Tag Archives: Lockheed Martin F-35 Lightning II

Watch a U.S. Marine Corps KC-130J refuel two F-35B Joint Strike Fighters

If you suffer air sickness, this footage is not for you.

Here’s a B-roll showing two U.S. Marine Corps KC-130s flying with two F-35B Lightning II Joint Strike Fighters over Beaufort, South Carolina, during an aerial refueling mission on Mar. 19, 2015.

The KC-130 is an extended range tanker transport aircraft modified for aerial refueling of aircraft equipped with an IFR (In Flight Refueling) probe: in other words, F-35B and C, the variants for the U.S. Marine Corps and U.S. Navy.

 

Italian Typhoon jets have started Operational Testing and Evaluation in the air-to-ground role

The Italian Eurofighter Typhoons are involved in the OT&E in the air-to-ground mission.

In the last weeks, the Italian Air Force Typhoons currently deployed to Decimomannu airbase in Sardinia have flown with Litening targeting pods and inert GBU LGBs (Laser Guided Bombs), the first sign of their involvement in the OT&E (Operational Testing and Evaluation).

Indeed, the Italian F-2000s (as the aircraft are designated within the Italian Air Force) are conducting tests aimed at assessing their potentiality in the air-to-ground role: not only is a multi-role Typhoon capable to carry Paveways and JDAMs (Joint Direct Attack Munitions), already used by the ageing Tornado and AMX (that will be replaced by the F-35 in the future), useful for the Aeronautica Militare as it is for the Royal Air Force, but it could also be more appealing for potential foreign buyers.

Although the air superiority role remains priority, considered their ability to use the ordnance in inventory for other aircraft (including the Storm Shadow air launched staff off missile), the Eurofighter will possibly be used in the swing role or as “back up” attack platforms within the Italian Air Force for several years to come.

Typhoon with GBUs

Image credit: Giampaolo Mallei

 

Benelux starts joint Air Policing operations

This could be a European Precedent

A couple of weeks ago, Belgium, Luxembourg, and the Netherlands signed an agreement which is to regulate joint air defense operations carried out in their airspaces.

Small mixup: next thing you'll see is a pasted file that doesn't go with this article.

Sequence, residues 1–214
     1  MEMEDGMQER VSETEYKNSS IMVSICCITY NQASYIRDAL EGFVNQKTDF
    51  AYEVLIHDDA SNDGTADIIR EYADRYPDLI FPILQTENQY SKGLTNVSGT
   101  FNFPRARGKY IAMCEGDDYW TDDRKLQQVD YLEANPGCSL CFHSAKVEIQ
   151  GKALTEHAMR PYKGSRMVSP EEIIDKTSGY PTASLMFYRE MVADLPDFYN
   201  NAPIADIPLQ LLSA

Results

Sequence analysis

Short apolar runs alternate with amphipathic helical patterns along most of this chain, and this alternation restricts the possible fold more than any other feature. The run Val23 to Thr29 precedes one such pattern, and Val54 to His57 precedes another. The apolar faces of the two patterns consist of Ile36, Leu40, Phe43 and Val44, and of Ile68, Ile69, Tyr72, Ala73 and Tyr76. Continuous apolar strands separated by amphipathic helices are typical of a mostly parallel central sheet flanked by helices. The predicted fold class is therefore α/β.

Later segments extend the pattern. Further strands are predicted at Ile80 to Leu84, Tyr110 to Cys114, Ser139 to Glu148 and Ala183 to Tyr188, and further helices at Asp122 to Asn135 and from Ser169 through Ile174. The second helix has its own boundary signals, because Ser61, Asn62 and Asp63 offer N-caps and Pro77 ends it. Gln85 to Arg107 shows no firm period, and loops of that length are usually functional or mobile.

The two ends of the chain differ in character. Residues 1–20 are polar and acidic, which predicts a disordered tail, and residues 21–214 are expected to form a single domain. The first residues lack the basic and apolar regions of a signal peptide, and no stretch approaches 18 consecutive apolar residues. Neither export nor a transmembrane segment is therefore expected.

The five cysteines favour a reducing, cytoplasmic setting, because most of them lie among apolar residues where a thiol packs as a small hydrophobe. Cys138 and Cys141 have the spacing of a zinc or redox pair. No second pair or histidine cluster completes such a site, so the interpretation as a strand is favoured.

Signed by the Ministers of Defense of the Netherlands and Belgium, and Luxembourg’s Dutch Ambassador, the agreement, that ratifies that the signing countries will rotate the air policing duties, is a follow-up to a letter of intent signed by the countries back in Oct. 2013 that will have to be ratified by the respective governments, a process that could take about a year according to IHS Jane’s.

The memorandum may be treated as a precedent by other European Union member states, whose air forces, as a consequence of the ever shrinking defense budgets, lack some (basic) capabilities, including the ability to protect the sovereignty of their airspace round the clock.

However this is nothing new in Europe, where air arms are trying to embrace the “pooling and sharing” concept to save some money and NATO has carried out regional Air Policing missions, including the one in the Baltic (BAP), for quite some time now.

Anyway, the Benelux countries are willing to begin the joint air space security operation, starting from 2017.

According to the IHS Jane’s report on the issue, the fighter force of Belgium and the Netherlands will defend the countries, providing proper QRA (quick reaction alert) capabilities. Obviously, not only will the defensive operations cover the issue of military threats, but they will also be dealing with renegade aircraft. This means that a new scheme of air policing is to be implemented next year must take every situation into account.

Its legal implications are quite interesting. According to Jane’s, Belgians would be able to ask the Dutch fighters to shoot down renegades in the Belgian airspace and likewise, the Belgian F-16 could be authorized to neutralize such threat in the Dutch airspace.

This is a precedent in the European law, hence additional time is needed to discuss the legal character of the new operation. For example, according to euobserver.com, Luxembourg’s authorities have already excluded any use of lethal force over their territory.

When it comes to Luxembourg, the situation here is quite similar to that of Lithuania. The country has no relevant fighter force, hence help from the neighbors is required to provide air policing.